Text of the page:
“I think it was a combination of the people and the landscape,” said Joe Hyland, a former colleague and long-time friend. “He was fascinated by the people who lived that life in the Sandhills, both early and to this day.”
He would disappear for days in the Sandhills, far from the nearest highway and motel, living out of the back of his truck. In the fall, he hung his waders at several hunting base camps in the search for ducks, geese, grouse and pheasants. But his love for the obscure extended to the field, where his passion for hunting included snipe and diving ducks.
“He loved a lot of places in Nebraska,” Van Winkle said. “But he always told me this was his second home up here in the hills.”
True to his position, Farrar wrote about the history of hunting, fishing and boating in the state. He poured over columns by Sandy Griswold that ran in the Omaha Bee and World-Herald in the late 1800s and early 1900s to gain more insight on hunting, fishing and even wildlife populations.
He wrote about many old hunting clubs, including Ducklore Lodge on the North Platte River and The Merganzer Club near Cody, both run by brewers from Omaha. On his own time, he wrote a book on the Red Deer Club south of Valentine.
“He just spent an inordinate amount of time piecing together little details about all of these clubs that haven’t existed for years,” said Van Winkle. “He was a hound hunting for information on those old clubs.”
Farrar collected, built, and, of course, used decoys, so it’s no surprise that he wrote several pieces on the history of decoys, including Herter’s, Mason, paper, miniature, Nebraska-made and even live decoys.
For all of these pieces, Farrar talked to people who were part of the history. Lots of them. He tracked down old men who were market hunters, duck club members and ranchers. He would sit in their kitchens, or in some cases, their rooms at the local nursing home, turn on his cassette recorder, and listen to the stories of their lives and those who came before them. Sometimes he would go back for more.
Some believe that Farrar wrote some of these historical pieces because he felt that if he didn’t do it, no one would. “He knew it was getting away,” Van Winkle said. “Like we all know, we lament the things we didn’t do and the people we didn’t talk to and the records that we don’t have. He did something about it.”
Farrar took on many environmental issues, and others, in a tell-it-like-it-is style. His “A case for shelterbelts” in April 1971 bemoaned the fact that tree claims, planted by settlers to cut the wind on the prairie, were being bulldozed at an alarming rate. He pointed out the benefits, both economically, socially and for wildlife, debunked myths, and simply said: “If you have a shelterbelt — keep it. If you don’t — plant one.” The story could be run nearly verbatim and still apply today.
He wrote against channelization of the Missouri River between Yankton and Sioux City, a dam on the Niobrara River, the incursion of center-pivot irrigation systems into the Sandhills, and unethical hunters. He authored many lift-outs for the magazine that detailed some of the state’s most sensitive and imperiled lands, including wetlands in the Rainwater Basin and the rare saline wetlands near Lincoln, and the Platte River. He ruffled the feathers of many, including farmers, power companies, developers and sometimes readers with these works.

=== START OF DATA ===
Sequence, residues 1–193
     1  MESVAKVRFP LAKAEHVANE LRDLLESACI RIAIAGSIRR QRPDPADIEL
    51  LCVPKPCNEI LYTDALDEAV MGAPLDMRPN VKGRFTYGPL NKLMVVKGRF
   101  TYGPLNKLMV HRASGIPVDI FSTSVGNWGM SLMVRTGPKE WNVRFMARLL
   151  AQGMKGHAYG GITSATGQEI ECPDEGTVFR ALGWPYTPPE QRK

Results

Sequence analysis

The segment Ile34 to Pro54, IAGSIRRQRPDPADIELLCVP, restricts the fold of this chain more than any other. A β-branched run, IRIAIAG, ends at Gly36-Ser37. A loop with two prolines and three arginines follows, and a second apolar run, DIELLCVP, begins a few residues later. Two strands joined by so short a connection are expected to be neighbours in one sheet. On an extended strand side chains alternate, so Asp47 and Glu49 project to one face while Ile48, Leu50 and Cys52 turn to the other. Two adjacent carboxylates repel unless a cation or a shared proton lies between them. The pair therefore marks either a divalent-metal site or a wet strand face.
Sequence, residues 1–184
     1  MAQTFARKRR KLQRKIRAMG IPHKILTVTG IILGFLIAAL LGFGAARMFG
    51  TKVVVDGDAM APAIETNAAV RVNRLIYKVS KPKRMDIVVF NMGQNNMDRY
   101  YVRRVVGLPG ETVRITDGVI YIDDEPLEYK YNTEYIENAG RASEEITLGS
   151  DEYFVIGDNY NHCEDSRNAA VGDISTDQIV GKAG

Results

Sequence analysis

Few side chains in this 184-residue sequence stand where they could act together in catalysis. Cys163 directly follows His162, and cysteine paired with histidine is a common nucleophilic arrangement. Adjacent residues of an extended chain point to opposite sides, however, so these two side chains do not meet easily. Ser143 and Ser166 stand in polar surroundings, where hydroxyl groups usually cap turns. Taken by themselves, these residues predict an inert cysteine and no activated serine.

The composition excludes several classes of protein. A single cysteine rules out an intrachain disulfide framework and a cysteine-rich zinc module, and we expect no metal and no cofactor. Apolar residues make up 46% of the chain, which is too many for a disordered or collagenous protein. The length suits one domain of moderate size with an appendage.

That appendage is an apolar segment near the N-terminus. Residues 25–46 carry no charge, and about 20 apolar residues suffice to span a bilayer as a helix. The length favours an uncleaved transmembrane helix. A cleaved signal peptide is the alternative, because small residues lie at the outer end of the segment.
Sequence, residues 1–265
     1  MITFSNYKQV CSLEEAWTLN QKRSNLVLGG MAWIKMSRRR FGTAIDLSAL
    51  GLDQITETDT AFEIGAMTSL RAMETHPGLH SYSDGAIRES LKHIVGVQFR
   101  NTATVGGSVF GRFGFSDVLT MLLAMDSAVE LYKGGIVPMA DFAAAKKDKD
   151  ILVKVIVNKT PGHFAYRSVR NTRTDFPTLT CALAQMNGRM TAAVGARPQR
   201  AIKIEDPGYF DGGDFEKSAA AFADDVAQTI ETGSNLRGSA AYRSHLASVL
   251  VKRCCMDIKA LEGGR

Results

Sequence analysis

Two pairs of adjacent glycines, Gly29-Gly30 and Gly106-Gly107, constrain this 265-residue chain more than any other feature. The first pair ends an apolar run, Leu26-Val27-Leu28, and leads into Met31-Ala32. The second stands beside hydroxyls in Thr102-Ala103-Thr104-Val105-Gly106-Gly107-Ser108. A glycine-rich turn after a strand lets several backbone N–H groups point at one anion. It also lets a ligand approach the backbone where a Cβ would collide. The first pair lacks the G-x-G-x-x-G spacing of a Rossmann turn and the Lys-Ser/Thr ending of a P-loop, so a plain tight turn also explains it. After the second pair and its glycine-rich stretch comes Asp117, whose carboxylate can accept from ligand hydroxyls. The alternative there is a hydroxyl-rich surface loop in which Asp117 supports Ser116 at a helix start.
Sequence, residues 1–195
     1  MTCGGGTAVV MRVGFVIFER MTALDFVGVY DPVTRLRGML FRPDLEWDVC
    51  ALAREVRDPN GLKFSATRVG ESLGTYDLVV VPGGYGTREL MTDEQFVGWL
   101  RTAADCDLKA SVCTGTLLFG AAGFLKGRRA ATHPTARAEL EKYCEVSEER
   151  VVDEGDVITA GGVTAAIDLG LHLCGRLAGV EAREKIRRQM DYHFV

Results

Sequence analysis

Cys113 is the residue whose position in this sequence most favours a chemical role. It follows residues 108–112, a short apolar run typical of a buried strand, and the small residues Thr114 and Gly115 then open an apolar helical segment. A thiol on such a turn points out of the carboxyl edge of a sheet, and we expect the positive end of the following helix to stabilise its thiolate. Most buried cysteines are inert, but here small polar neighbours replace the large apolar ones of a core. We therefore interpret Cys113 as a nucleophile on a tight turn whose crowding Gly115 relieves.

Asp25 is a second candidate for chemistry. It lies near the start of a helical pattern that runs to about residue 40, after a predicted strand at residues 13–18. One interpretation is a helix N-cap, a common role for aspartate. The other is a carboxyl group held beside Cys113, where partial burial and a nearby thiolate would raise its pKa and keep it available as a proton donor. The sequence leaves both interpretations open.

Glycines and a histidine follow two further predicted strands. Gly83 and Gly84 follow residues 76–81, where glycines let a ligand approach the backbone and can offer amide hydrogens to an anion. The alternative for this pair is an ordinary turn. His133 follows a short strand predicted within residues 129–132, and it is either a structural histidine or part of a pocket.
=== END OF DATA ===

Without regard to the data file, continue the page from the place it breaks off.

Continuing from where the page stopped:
“I think what I liked most about Jon’s writing is he had really a unique way of describing or writing about environmental problems, and sort of putting the skewer in the sides of people who were not ethical and really didn’t care about wildlife,” long-time colleague Carl Wolfe said.
Joe Hyland appreciated “Sky Carp,” a piece Farrar did in 2001 on snow geese after seasons were liberalized in an attempt to reduce the population of the bird, which was so high it was destroying its own nesting grounds in the Arctic.
In it, Farrar detailed nearly every attempt he made to capture magazine-worthy photographs of the bird throughout his career, the behaviors he witnessed, what he learned from them, and how he appreciated them. “He kind of took the people who look down their nose to snow geese to task,” Hyland said. “Jon never treated them irreverently. He didn’t like people calling them sky carp. They deserved better than that.”
Knock Their Socks Off
Farrar was a great storyteller with a great sense of humor. Who else would, during his younger days, keep a small rattlesnake in a coffee can in his office for when visitors entered? Or walk in front of a colleague’s middle-of-Nebraska-nowhere trail camera and make obscene gestures toward the lens?
His ability to tell a story extended to his work. He was a master with the keyboard and the camera. “His work is the standard by which everything else can be measured,” said Forsberg.
A few years before his passing, he bestowed this advice on me. “Grind out the stuff you need to do to buy groceries, but once or twice a year knock their socks off. When you look back, should you live so long, those will be the ones you’re glad you did. The ones that last — that some snot-nosed kid will quote in his Ph.D. dissertation 50 years from now. Yeah, I know, you’re dead and won’t know, but it would be good now if you saw you were doing something significant in the long-haul.”
That was Jon Farrar. ■
“To be in a marsh. The rich, stagnant fragrance of marsh. The gray sky. Drizzle on the neck. Squads of snow geese and courtship flights of pintails. The scene cries out for description, yet defies it. A glimpse back to our origins, a closeness to life other than our own, as if we belonged somewhere, finally belong somewhere … .”
– Jon Farrar, from “Sky Carp”
A Love of Wildflowers
Jon Farrar approached his Field Guide to Wildflowers of Nebraska and the Great Plains, originally published in 1990 with a second edition in 2011, with the same conviction and care for the species as the rest of his projects.
“There is no way I could pick just one wildflower as a favorite,” he wrote. “Each is special in its own way, especially when you consider how it evolved to prosper in its own niche in the world.”